The courage to grow

I’ve been finding Michelle Bennett’s recent posts on her blog very thought-provoking. She’s been extremely courageous in revealing her inner challenges as a student and a professional singer, and how these have led her to psychotherapy and inner work alongside her musical life. So often musicians, like any professionals, are extremely hesitant to reveal anything less than perfection. Yet, the reality is that we are all dealing with inner challenges every day. And, as Michelle says:

“There is no doubt that the process of facing one?s self is hugely difficult, especially if, like many artists, you have been hurt badly or are very sensitive. I would wager that most people will never do it because of the enormous effort required and pain of the task. It is an odyssey.”


I agree with Michelle. Ten years ago, I was obliged to give up my career as a successful professional pianist owing to an ongoing health challenge, and it has certainly been an odyssey, trying to come to terms with the loss of my ability to play the piano for more than 20-30 minutes. Many friends simply saw it as an opportunity to change career, and were not aware of the huge impact on my whole sense of identity. Playing the piano was not simply something I did as a career. It was part of the very substance of who I was– or so I thought. Disentangling the threads of vocation, personality, and sense of self took much hard work and courage over many years. And skilled assistance.

Michelle was lucky enough to find a good therapist. I also worked with one for a number of years and still have my prized mentors whom I can turn to. Sometimes therapy is definitely the best choice.

However, many of the ongoing themes in Michelle’s life are ones which every music student faces. For example: How do I deal with constant competition, rejection, anxiety, jealousy? Negative self-talk when I’m performing? I’m feeling so stressed out that I’m not sleeping…. I’m not even sure I want to be a professional musician any more. Or, I have a great career, but somehow I feel numb, disenchanted, disillusioned…I’m not sure what my goals are any more.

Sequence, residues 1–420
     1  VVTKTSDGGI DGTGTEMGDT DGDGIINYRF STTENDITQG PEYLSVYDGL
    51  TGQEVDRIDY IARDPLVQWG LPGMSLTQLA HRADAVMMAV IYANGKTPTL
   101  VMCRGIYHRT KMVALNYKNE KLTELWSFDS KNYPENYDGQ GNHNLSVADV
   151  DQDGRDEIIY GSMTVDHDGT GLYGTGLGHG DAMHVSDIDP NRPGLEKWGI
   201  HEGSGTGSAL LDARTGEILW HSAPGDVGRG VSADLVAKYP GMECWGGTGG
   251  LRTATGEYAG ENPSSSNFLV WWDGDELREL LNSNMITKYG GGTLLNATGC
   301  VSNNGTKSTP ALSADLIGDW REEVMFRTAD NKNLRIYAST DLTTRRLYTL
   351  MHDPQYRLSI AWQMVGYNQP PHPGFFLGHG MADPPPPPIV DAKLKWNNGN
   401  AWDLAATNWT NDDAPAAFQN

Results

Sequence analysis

When I was coaching and advising students at the Guildhall School of Music and Drama in London, often these issues were so present and all-consuming that they were interfering with practice, auditions, exams, professional successes. Yet, many of the students didn’t feel comfortable, for a variety of reasons, with approaching and confiding in their principal study teachers.

I became so concerned about these students, and so inspired to pass on the principles I had been discovering in personal development work that I decided to take a Masters in Psychology. I felt that I needed coaching and counseling skills in addition to my musical ones, in order to truly be able to serve these sensitive and gifted people.

These days, my focus in my life coaching practice is to first of all provide a listening ear, a safe, non-judgmental place for musicians to be able to share their thoughts, feelings and experiences, and secondly a box of tools to assist clients in getting in touch with their deepest values, clarifying their goals, daring to dream, and developing new practices, thought patterns and behaviors which move them where they want to go. It is truly possible to change limiting beliefs, eliminate negative mind chatter, become more self-accepting.

So I’ve moved from being in a state of shock and grief over my ‘lost career’ to a place of experiencing a new and fulfilling one. And Michelle, by her own account, is happier and more focused and motivated than ever and well on her way to a successful career. Thanks, Michelle for inspiring us all!

2 Responses to “The courage to grow”

  1. As musicians, I would say we are often our own worst enemies; as music students, I would say the same is true.

    I’ve be teaching private lessons for well over a decade now, and I find that, in any given lesson, I often spend as much time talking with a student about what’s going on in his/her private life as I do listening to them play. Depending on the age of the student (child, teenager, college student, mid-life, etc), I find his/her concerns could be very different.

    Regardless, any emotional concerns get in the way of solid performance, so I keep a close eye on my students and try to create a very relaxed relationship within the teaching environment.

    Whatever my success rate may be actually teaching people to play an instrument is debatable, but students tend to stay with me for years. I think this is mostly because they enjoy the lesson time – perhaps even more than they enjoy music.

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